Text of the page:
If you’re new to prepping and on a tight budget, you should take a look at this list. The survival items listed here aren’t just inexpensive, they could be very useful in a disaster scenario.
Tarps, for instance, have at least 25 survival uses such as building shelter, patching leaks, collecting rainwater, and so forth. Duct tape has even more uses. You can use it to fix worn-out shoes, patch a leak in your tent, make a butterfly bandage, and more.
By stockpiling multipurpose items, you won’t have to spend as much money on things that only have one function. This will save you some cash and make you more prepared.
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In this video, Iridium242 lists 18 inexpensive survival items you should get. Most of these things can be found in your local dollar store, and if not there, then definitely at Walmart. Here’s his list:
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- Matches and Lighters
- Toilet Paper
- Hand Sanitizer & Alcohol Wipes
- Cooking Oil
- Face Masks
- OTC Medications
- Vinyl Gloves
- Duct Tape
- Zip Ties
- Aluminum Foil
- Baby Wipes
- Coffee Filters
- Trash Bags
Watch the video below to learn why you should stockpile these particular items. He also explains the many ways you can use them in a survival scenario.
Kiwi Mumma says
LOL You are obviously not living in New Zealand! None of these items are inexpensive here!
Heather Botting says
I’m in New Zealand too but you can find these items quite cheaply at , “The Warehouse, $2 shops etc
Andre Maertens says
In the distant past Garlic was used in most cases of infection by boiling several cloves in a pot allowing it to reduce by boiling to half the original amount of water you will have a potent liquid to fight infections ,etc .try it it is cheap and very good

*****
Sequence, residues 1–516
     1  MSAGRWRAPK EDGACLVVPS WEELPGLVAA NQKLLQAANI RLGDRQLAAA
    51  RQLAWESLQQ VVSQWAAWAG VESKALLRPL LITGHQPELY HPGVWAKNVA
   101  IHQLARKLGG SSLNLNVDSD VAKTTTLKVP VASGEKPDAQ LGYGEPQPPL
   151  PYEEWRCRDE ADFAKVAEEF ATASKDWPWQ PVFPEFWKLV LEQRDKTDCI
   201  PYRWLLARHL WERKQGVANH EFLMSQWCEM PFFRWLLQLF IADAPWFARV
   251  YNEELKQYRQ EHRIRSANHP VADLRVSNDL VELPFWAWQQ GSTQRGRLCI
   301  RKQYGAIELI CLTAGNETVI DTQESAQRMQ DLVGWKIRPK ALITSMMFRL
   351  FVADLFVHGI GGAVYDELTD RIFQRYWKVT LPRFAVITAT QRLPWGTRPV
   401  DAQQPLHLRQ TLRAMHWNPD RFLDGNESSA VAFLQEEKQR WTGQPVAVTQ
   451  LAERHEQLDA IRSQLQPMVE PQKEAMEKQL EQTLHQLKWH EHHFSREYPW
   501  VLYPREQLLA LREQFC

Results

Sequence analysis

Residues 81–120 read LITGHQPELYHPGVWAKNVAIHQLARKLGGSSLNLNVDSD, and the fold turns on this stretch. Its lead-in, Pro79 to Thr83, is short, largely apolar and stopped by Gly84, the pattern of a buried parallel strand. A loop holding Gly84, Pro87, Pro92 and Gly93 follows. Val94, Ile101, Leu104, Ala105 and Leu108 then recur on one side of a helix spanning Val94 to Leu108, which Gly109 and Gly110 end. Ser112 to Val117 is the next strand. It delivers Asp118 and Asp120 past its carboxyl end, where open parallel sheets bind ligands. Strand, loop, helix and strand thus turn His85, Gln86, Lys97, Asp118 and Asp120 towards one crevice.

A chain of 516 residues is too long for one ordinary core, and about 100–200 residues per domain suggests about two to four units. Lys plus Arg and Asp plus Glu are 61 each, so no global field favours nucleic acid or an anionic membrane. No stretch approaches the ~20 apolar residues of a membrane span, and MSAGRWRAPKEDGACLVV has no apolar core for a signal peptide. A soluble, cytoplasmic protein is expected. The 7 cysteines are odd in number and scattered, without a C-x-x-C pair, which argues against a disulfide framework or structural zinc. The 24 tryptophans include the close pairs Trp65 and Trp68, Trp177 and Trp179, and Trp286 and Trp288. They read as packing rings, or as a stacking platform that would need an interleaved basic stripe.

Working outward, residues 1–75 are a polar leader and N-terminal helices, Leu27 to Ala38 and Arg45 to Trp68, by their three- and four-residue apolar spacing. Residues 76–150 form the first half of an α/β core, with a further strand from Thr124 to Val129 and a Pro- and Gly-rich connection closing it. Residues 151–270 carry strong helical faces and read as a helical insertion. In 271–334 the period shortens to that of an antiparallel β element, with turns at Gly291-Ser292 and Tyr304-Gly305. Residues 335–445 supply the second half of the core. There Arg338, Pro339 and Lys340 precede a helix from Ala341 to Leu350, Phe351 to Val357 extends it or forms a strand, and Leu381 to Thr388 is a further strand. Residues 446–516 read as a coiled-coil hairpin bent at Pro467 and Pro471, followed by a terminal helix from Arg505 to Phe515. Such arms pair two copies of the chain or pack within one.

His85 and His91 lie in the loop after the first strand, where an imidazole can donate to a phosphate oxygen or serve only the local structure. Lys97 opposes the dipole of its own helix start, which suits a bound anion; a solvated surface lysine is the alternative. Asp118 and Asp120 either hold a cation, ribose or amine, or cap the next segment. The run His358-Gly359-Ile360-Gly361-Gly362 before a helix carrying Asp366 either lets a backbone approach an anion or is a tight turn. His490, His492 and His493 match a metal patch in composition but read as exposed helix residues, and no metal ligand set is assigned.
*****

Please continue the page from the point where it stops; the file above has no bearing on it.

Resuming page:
animal lover says
How do you print out all this wonderful information? in SHTF situation the computer won’t be available for referencing. I’m not the best with computers, so please make the instructions simple.
There’s a print button right below the article
Becky Pamplin says
Just a thought: I’m a nurse and have found that alcohol prep pads tend to dry out. Be sure to rotate. You can also get a ziplock bag with cotton balls and add rubbing alcohol. Great video!!! I’m just starting out <3.Thank you for teaching!
Good point, thanks for sharing!
Kat Wolf says
Good video! Thanks. Where did you get your antibiotics? Thats one item i am lacking.
You can but amoxicillin for fish called Fish Mox. It is the same stuff we take.
I have been looking at tarps but am at a loss as to what to buy. I would like 2-3 that could serve as emergency shelter. I am responsible for 8 people, one is a senior, one is a baby, one is totally non weight bearing, one is a middle aged man, one is a middle aged woman who uses a walker, and 2 are tall strapping teenage males. Non have any experience in camping, nor are they very willing or inclined to work and common sense is in short supply. I support them all financially and in a leadership role, though with the males I must be covert in this.
I was raised by my grandfather a WWII Veteran and Dad was a Korean vet who taught me many survival skills on weekends, and summers on the land they owned. But, I do not have their resources, such as land, fish ponds, woods, farmland, army tents,gear and loads of money.
T, if you buy the cheap blue woven plastic tarps used for temporarily covering things like cargo in pickup beds, they will not last long in the elements – I have some and they tore and fell apart pretty fast. If you can afford it, you will be better off shopping for quality canvas tarps with brass grommets on the corners and edges, these are very durable. The downside is the good quality canvas tarps are heavy as well as high priced.
There is a reason blue tarps are cheap, it’s the bottom line price point. The problem with canvas is being weather tight. They need to be treated if it’s going to be your shelter. I prefer an ag grade green or brown nylon tarp, heavier and more durable than blue, lighter and cheaper than canvas. Canvas would be my go to tarp if it was a dry airid climate.